With the current discussions and concerns relative to our evolving healthcare delivery, one starts to think that we are approaching a crossroads of sorts; one that will require strong leadership and perhaps a refocus of our strategies to move forward.
On one side, many of the concerns relate to our ability to meet the increasing demands during a pronounced period of fiscal restraint. To add to the financial pressures, provinces are now facing a decrease from six percent growth per annum to three percent growth in transfer payments from the federal government. Many provincial premiers are challenging this decrease.
On the other hand, consumer health, community health, home health, analytics, patient-centered care, precision health and so on continue to dominate many discussions. But in the midst of the discussions, we are experiencing indecision on next steps and commitments to move forward with the required actions.
“Leveraging current assets” is a phrase often raised as a means to decrease the costs of acquiring additional technology capabilities. Certainly, the investments that have been made need careful consideration in these decisions. Many of the provincial EHRs are robust infrastructures that can be further utilized as a framework for providing additional services.
The other asset to leverage is our knowledge and our professionals. Many of our organizations today have a wealth of knowledge and could be instrumental in helping solve the challenges that we face. The problem seems to revolve around procurement and risk as many of the decisions today are seemingly delayed or taking a much longer decision path.
The concern then is that we are creating a backlog of necessary advances to our delivery system, and during this time we may well be losing resources and knowledge to other countries.
Why is this? Innovation and innovative thinking are important elements, and many Ministries are anxious to include our industry innovations in their discussions; but when “risk” enters the picture, we tend to shy away. Surely we need to better balance the utilization of our knowledgeable resources and also determine how risk can be shared appropriately to allow for the introduction of “innovative technologies”.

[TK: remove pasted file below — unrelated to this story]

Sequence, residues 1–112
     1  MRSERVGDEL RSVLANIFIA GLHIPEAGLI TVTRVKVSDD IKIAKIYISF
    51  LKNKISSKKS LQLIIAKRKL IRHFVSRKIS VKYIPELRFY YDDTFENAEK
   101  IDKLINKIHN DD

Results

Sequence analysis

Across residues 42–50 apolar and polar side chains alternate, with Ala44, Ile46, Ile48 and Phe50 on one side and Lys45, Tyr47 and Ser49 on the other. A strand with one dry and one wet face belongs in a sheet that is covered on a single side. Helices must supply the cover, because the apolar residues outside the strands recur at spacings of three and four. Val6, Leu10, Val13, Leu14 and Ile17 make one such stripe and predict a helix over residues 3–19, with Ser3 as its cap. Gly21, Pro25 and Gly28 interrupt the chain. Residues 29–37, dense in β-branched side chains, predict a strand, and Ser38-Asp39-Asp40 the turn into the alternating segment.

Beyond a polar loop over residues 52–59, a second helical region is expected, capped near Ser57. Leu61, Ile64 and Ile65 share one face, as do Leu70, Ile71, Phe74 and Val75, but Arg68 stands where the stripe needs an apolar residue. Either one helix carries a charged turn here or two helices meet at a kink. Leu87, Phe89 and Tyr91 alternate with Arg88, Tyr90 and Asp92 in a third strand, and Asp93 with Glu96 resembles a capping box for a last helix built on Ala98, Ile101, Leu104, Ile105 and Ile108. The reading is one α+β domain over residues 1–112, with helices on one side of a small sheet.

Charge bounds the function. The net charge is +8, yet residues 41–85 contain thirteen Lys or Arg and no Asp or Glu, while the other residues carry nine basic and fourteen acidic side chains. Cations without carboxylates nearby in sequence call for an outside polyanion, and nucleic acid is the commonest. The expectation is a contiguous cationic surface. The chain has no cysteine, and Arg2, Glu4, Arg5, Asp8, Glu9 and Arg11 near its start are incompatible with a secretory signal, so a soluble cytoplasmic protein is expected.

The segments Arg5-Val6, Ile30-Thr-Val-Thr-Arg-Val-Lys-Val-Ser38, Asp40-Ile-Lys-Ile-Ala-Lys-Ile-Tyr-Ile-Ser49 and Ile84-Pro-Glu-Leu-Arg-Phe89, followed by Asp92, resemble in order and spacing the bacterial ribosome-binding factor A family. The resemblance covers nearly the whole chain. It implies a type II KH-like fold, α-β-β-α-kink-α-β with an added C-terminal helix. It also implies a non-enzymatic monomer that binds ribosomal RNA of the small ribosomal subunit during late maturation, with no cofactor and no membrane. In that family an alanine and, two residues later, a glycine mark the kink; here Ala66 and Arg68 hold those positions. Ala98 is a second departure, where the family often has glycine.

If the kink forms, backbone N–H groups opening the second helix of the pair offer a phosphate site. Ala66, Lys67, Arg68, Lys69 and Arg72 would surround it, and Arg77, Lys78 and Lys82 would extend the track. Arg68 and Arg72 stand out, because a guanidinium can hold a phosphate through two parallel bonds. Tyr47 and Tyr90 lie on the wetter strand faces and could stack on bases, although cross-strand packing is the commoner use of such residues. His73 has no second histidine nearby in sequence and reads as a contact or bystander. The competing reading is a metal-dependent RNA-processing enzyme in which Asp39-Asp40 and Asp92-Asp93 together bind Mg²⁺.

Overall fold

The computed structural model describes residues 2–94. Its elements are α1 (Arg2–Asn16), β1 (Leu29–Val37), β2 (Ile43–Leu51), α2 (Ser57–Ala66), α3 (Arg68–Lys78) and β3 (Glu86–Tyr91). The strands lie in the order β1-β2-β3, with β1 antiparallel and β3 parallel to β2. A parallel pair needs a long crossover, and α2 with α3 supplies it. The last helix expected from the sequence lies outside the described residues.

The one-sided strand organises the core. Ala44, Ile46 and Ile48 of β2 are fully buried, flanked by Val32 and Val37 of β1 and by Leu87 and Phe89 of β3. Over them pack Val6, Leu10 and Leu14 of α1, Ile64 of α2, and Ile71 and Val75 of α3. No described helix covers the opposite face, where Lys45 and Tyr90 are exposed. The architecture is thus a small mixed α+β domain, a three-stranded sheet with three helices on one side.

The expectation is that wastage in the system will be scrutinized very carefully and drastic measures must be undertaken to reduce wastage where ever possible. This concern should not be dismissed, as it’s an incentive for us to manage our costs and also allow us to invest in the areas of “innovative” technologies.
For community care, home care, and consumer care, there are also questions on the role of the hospital or acute care facility in the overall delivery of health services, particularly as it relates to funding. This seems to be an area that will require attention through open and honest discussions in order to develop an approach that works for our citizens. These discussions may well form an approach from a national level as well.
Another factor for consideration as we approach this crossroad is that of privacy and security – risks that will become even more prevalent as we move to a more consumer-centric healthcare model. Certainly, this is an area of ongoing concern and we will need to continually evaluate and provide the necessary framework to protect our citizen’s information to the best of our ability. It may be helpful to consider that discussions in this area should also be escalated to a national forum where possible.
So the challenges are very real and varied, and the solution will need to begin with a strong collaboration amongst all parties. The provincial ministries, their agents and the various procurement groups will be very concerned with matters relating to budgets and spending.
The IT vendor community will need to understand the needs, what will be asked, and, in many instances, the openness to partner in order to provide the best solutions for the best value. The vendor community should also be engaged as a trusted advisor to help our clients during this period of change and restraint. Procurements should be conducted expediently to reduce actual costs of procurement and leverage, where possible, current assets to enhance value.
We find ourselves in very changing and challenging times. As we look for technological solutions to provide the advancing care initiatives, we need to be even more open to change in our thinking. Our future is dependent on being innovative in our thinking as well as innovative with our technologies. Risk sharing in a positive way which may also assist with the evolution of our healthcare system.
Gary Folker is the EVP, North America for Orion Health Canada. For more information on Orion Health, visit www.orionhealth.com or email at email@example.com